Published in Gair Rhydd on 7th November 2011.
British football has made huge progress in the past twenty years in the manner in which racism is dealt with. In the 1980s, BBC pundit Leroy Rosenior has said that he was victimised en masse by crowds making monkey noises within English football stadiums.
From these dark days, we have developed a footballing community that doesn't tolerate racial abuse in any form. After Blackpool striker Jason Euell was racially abused at Stoke in 2009, a man was identified by fellow fans and detained by stewards, before later being banned for life. We have improved hugely, but the on-field allegations of the past month have caused some to question whether we've progressed as much as we like to think.
That, however, is the key point. At the moment, we can only question what has been alleged. Until the FA conclude their investigations, we can not say that racism is prevalent in our game.
Sadly, we live in a time where football rivalries are so prominent that some appear to be hoping for allegations to be proven, simply to score points over others. If allegations of racism by John Terry and Luis Suarez were disproved, the salvation of pride within football would be far more satisfying than any stick provided to beat two of football's most controversial characters.
It is crucial that the FA reach swift, but accurate conclusions. Whilst these cases linger, the reputation of the game in England as a whole will suffer. Campaigns such as Kick It Out and Show Racism The Red Card have had a hugely positive effect, but the impact of racial allegations in such a multicultural league and society is damaging. The Premier League is a worldwide brand and can not be seen to be weak in the manner it deals with serious accusations. However, it must also make sure that the conclusions reached are correct. If confusion has brought about allegation, the FA must be clear in their explanations, offering transparency whilst making a clear statement that this isn't a toleration of racial abuse.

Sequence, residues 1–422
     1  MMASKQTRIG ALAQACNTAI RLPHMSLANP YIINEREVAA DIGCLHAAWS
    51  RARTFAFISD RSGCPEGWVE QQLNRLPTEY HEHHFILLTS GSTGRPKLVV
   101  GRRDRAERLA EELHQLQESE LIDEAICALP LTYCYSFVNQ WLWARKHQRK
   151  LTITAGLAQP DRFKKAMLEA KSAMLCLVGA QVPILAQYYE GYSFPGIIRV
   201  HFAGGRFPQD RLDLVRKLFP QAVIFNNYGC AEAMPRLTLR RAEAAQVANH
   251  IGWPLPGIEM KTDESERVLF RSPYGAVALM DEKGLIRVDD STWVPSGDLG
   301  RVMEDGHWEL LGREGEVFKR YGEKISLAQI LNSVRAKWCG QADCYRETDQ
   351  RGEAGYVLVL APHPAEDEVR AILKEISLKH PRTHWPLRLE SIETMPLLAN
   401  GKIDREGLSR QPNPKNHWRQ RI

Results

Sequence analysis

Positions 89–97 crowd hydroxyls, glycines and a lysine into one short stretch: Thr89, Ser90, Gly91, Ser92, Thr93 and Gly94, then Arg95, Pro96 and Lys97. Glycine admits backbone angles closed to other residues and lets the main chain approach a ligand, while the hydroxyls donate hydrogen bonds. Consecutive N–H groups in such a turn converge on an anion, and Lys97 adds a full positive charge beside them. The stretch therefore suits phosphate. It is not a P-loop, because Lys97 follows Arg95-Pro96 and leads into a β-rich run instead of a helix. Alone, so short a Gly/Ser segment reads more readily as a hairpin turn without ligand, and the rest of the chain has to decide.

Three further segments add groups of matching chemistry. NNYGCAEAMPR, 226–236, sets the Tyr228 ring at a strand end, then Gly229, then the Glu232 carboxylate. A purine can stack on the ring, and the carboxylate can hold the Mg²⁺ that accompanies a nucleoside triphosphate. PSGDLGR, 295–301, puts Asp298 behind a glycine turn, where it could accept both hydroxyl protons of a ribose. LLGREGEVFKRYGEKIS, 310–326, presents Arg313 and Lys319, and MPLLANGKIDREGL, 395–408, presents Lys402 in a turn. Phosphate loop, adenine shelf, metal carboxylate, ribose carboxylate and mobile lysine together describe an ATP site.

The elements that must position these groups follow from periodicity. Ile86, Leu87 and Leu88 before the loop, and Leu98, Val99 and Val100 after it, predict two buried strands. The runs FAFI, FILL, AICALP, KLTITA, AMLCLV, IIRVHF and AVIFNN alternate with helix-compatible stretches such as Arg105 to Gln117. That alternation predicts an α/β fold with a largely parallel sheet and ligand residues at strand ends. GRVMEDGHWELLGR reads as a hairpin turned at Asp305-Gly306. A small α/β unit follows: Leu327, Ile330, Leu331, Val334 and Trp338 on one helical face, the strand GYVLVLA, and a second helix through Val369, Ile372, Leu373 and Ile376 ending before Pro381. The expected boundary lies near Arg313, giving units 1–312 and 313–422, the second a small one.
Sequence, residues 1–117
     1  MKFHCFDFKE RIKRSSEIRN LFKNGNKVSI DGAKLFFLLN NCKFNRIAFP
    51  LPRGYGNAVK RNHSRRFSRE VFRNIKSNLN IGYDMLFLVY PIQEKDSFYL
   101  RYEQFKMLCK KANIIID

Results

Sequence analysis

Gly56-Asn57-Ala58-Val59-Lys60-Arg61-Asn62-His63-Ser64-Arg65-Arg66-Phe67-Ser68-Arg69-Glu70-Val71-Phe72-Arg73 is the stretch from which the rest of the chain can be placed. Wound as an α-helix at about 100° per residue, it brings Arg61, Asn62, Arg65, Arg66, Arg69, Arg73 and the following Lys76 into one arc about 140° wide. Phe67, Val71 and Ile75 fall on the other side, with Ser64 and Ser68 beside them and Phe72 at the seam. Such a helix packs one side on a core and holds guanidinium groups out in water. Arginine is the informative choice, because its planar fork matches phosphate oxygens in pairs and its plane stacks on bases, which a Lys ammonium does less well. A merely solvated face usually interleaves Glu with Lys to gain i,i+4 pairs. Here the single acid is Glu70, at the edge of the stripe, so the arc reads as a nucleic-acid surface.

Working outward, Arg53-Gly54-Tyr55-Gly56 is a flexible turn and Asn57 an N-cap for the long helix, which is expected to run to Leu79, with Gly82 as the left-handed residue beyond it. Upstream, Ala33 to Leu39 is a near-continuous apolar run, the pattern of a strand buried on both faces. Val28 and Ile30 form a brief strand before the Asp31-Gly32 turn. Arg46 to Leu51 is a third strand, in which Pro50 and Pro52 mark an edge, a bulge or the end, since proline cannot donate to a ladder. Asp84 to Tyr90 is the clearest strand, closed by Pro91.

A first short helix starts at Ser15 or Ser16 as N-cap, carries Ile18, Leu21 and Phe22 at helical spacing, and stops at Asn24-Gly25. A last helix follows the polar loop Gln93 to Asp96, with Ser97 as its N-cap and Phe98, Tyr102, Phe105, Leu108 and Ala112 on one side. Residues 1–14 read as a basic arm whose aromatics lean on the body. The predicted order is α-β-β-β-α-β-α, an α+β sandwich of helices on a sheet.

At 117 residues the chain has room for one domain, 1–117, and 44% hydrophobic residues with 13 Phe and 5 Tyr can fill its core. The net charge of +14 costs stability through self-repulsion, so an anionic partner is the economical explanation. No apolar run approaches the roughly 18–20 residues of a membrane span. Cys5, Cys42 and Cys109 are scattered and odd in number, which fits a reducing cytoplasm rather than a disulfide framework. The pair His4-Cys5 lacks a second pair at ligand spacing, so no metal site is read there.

This decade is vitally important in the eradication of racism from football worldwide. Russia, the host nation for the 2018 World Cup, was shamed in June when a banana was thrown at Anzhi Makhachkala's Roberto Carlos. With African nations acting as a vital component in the World Cup, the Russian FA have seven years to address their greatest issue. If they fail, they will be shamed on the biggest stage possible.
In Britain, we are winning the battle against racism in football. However, while there are still accusations, our governing bodies must remain vigilant. We have made great strides in recent times and the FA must be careful not undermine this progress with secretive or inconclusive investigations. If these are cases of racism, the strongest punishments must be enforced. If the players accused are innocent, fans of all clubs should breath a sigh of relief in the knowledge that football remains united against racism.